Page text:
In Akron’s urban landscape, like most American cities dominated by the automobile, it’s difficult to slow down enough to get a good feel for the surroundings. Walking is good, and good exercise, but range is limited unless there is plenty of time. This past Saturday, I and a group of friends found a perfect compromise, an urban bicycle tour.
With the campaign of their nominee for governor, Ed FitzGerald, descending into chaos, Democrats are talking about shifting resources down the ticket, hoping to salvage victories in other statewide races.
In today’s world of instant communication, defining yourself before the opposition does is a top priority for any political campaign. In a high-profile race such as the contest for Ohio governor, it is especially crucial, and Democratic challenger Ed FitzGerald was already struggling when he started suffering from self-inflicted wounds early this month.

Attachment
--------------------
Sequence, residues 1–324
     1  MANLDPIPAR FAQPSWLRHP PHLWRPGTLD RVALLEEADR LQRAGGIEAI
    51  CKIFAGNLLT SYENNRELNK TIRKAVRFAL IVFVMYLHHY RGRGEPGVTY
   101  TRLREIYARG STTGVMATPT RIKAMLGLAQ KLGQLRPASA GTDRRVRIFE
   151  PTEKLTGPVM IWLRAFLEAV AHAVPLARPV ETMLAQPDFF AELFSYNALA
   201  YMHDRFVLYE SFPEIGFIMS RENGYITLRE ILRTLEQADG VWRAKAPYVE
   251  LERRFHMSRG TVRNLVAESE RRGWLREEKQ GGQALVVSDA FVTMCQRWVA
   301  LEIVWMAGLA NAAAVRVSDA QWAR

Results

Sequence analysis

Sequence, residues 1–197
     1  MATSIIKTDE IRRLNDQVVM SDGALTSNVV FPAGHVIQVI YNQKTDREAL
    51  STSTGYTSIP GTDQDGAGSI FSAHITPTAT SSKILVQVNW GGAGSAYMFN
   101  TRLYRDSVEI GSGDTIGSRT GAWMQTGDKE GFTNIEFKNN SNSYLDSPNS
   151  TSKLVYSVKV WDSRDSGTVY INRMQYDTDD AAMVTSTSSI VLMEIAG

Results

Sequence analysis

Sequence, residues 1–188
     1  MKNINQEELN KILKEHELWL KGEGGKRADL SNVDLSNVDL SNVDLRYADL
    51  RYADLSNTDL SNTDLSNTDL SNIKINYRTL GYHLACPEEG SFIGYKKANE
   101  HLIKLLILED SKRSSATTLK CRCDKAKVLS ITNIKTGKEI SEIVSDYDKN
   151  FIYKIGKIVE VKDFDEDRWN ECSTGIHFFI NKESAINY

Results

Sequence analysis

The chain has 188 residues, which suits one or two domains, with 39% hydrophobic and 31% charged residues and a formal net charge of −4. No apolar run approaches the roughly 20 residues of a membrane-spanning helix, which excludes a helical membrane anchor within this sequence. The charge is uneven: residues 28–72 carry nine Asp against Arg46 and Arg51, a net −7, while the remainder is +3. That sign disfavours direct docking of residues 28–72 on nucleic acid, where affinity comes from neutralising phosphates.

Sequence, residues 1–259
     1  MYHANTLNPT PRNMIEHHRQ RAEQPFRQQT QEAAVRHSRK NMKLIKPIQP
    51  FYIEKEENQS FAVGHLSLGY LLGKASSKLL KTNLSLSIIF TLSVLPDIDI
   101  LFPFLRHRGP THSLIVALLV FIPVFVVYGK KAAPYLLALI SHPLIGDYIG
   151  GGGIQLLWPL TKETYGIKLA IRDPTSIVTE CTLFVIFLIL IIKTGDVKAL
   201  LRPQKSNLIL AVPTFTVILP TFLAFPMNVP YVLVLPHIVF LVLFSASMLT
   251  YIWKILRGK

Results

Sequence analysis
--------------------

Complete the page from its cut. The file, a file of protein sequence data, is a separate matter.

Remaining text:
I grew up a few blocks from Hawthorn Hill, the Wright family’s home in Oakwood, a Dayton suburb. We played touch football on the lawn and rode sleds down the hill. The NCR Corp., which then owned Hawthorn Hill and used it as a guest house, didn’t seem to mind.
This week, the U.S. Supreme Court unanimously held that an anti-abortion group can proceed with a constitutional challenge of the state’s law that makes it a crime to lie during political campaigns. That’s bad news for the Ohio Elections Commission, in charge of sorting through from 20 to 80 complaints about fibbing every year.
When it comes to redistricting reform, nothing is easy. Asking politicians to change the rules that shape the districts in which they run means asking many to abandon the safety of gerrymandered seats.